Bifunctional Janus Silica Spheres for Pickering Interfacial Tandem Catalysis

In the synthesis of organic compounds, especially those used as pharmaceuticals, the number of steps in the synthetic route can be limiting in the way of high costs for low yields. Many scientists in the field have done extensive research on alternative ways to shorten these synthetic routes, for time, cost, and yield efficiency, all of which improve how eco-friendly the process is. To that end, reactions that can be performed consecutively in a “one-pot” manner can significantly increase a process’s efficiency and eco-friendliness, however these types of reactions pose many challenges. Some of these challenges can be overcome by using a type of solid supported catalyst called Janus catalyst particles. These particles are functionalized with two different functionalities, generally one hydrophilic and the other hydrophobic, in a way so that each functionality is contained on one hemisphere of the particle and the second is contained on the other hemisphere. These particles stabilize the emulsion, or mixing, of a biphasic system, such as oil and water, which increases the surface area at which come biphasic reactions can happen, thereby increasing the efficiency of the reaction. One research group at the Debye Institute for Nanomaterials Science in the Netherlands focused on a particle functionalized first with an amine group, and then with the equivalent of UCT’s 2-(4-Chlorosulfonylphenyl)Ethyltrimethoxysilane (C3360), hydrolyzed to a sulfonic acid group, effectively creating an amphiphilic acid/base particle, so called an “antagonistic” catalyst, a particularly difficult combination as generally acids and bases are incompatible. Using a tandem dehydration-Knoevenagel condensation reaction of fructose, a reaction with potential for undesired products, they were able to demonstrate first that they were able to obtain a stable emulsion using a minimal amount of the particles, and further that there is a fine balance between the acid and base which can affect the efficiency of the reaction. This balance can be modified in such a way that undesired side products are minimized. While this type of catalyst still needs additional research to fine tune, the researchers were able to provide proof-of-concept for these antagonistic type catalysts, opening the doors for a greener type of catalyst.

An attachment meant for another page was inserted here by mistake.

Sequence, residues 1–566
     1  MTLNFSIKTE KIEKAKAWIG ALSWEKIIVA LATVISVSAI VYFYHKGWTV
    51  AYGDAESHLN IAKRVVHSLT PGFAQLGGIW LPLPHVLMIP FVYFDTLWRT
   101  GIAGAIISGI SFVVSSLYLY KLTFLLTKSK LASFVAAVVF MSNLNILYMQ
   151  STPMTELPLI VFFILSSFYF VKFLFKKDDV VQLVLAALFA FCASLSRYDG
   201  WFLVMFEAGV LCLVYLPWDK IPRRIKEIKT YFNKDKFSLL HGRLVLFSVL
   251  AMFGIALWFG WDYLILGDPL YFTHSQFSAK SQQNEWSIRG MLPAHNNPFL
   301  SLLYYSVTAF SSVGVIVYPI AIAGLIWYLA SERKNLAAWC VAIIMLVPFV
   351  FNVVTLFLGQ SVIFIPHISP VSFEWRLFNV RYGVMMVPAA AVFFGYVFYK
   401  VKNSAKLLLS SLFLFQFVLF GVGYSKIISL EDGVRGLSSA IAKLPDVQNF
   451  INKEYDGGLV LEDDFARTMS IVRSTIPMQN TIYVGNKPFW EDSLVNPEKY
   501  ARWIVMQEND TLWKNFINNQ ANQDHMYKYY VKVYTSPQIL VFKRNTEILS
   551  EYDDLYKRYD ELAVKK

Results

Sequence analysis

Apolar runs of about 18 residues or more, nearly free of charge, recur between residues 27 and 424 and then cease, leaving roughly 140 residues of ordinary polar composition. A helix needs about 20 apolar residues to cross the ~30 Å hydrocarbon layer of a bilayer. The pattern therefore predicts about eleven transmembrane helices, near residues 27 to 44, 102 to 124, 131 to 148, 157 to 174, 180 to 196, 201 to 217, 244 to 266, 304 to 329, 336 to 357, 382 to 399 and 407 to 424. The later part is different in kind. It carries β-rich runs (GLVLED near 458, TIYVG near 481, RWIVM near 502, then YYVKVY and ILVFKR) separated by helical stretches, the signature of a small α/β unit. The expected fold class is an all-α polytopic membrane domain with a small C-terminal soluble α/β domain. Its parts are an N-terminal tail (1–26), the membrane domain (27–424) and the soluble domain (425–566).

Citation: Chang, F.; Vis, C. M.; Bergmeijer, M.; Howes, S.
C.; Bruijnincx, P. C. A. Bifunctional Janus Silica Spheres for Pickering
Interfacial Tandem Catalysis, ChemSusChem, 2021, 14, 5328-5335.

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